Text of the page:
My motivation for writing this article is to encourage everyone who hasn’t tried Yin yoga, to try it. Why? Because, in a nutshell, the feeling you’re left with after you have practised Yin yoga is amazing!
Benefits of a regular Yin yoga practice
- Calms and balances the mind and body
- Reduces stress and anxiety
- Increases circulation
- Improves flexibility
- Releases fascia and improves joint mobility
- Balances the internal organs and improves the flow of chi or prana
Try it out!
Try Esther’s class, Yoga for a great mood – Yin style which works with poses that give you a positive physiological shift in your feeling state and energy.
What is Yin yoga?
That Yin yoga was founded in the 1970s by martial arts expert and Taoist yoga teacher, Paulie Zink, is a common misconception. Paulie teaches a practice informed by his martial arts background, which over the years, has been called variously Taoist yoga and Yin and Yang yoga. It was, in fact, Paul Grilley who developed Yin yoga as we know it today. Its widespread popularity is due, in part, to Paul and his wife Suzee, along with Sarah Powers and Bernie Clark.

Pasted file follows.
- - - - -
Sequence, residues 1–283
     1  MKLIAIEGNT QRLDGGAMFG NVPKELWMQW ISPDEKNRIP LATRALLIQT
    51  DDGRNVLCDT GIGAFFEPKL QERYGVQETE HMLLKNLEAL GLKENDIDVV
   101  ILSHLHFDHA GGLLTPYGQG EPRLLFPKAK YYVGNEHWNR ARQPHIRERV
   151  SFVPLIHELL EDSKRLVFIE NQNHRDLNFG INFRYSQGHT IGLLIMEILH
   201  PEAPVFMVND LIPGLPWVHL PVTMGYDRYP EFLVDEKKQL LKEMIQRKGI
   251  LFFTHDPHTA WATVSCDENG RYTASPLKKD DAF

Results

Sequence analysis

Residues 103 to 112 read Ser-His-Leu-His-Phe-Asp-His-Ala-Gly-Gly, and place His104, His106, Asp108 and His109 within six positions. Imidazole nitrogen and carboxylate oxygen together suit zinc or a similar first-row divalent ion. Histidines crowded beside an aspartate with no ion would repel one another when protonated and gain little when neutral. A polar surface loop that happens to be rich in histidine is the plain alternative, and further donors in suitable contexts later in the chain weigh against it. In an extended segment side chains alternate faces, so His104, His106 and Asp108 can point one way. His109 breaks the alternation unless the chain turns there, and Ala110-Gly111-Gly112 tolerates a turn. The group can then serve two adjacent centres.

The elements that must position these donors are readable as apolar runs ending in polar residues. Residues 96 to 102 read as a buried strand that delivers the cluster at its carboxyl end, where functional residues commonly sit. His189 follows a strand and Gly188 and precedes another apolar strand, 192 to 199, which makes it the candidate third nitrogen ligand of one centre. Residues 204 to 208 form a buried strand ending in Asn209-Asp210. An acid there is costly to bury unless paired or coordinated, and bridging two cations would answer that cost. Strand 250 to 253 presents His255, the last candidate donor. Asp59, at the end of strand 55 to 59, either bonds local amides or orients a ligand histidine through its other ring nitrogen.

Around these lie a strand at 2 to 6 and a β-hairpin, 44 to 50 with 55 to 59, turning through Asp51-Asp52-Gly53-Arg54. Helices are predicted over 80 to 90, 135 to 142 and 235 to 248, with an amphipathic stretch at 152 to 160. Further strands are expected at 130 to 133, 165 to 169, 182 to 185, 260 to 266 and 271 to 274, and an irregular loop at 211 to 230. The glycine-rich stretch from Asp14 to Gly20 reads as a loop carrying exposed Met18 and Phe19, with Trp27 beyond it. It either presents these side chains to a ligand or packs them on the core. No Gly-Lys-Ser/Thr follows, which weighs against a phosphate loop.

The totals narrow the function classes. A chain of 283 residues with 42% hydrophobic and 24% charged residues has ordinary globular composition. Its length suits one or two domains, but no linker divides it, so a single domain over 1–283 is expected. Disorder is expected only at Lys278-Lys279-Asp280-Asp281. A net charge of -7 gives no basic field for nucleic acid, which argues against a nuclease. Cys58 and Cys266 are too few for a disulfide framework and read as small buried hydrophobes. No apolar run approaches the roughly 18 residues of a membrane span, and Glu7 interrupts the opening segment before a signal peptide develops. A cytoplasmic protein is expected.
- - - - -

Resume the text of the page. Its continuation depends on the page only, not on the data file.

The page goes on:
While Yang yoga practices (Ashtanga, Vinyasa) physically target the ‘superficial’ muscles, in Yin yoga, we target the deep connective tissues of the body – the ligaments, joints, bones, and deep fascia networks. A Yin class usually consists of a series of passive floor poses held for up to 5 minutes or more, that mainly work the lower part of the body – the hips, pelvis, inner thighs, lower spine. These areas are especially rich in connective tissues.
On an energetic level, Yin yoga improves energy flow and enhances the flow of chi in the organs but the practice also offers huge mental and emotional benefits too, as we’ll find out.
- Read more about the history and origins of Yin Yoga
Who is Yin yoga for?
Yin yoga is for you if you are tired and craving energy or you’re over-stimulated and have too much energy.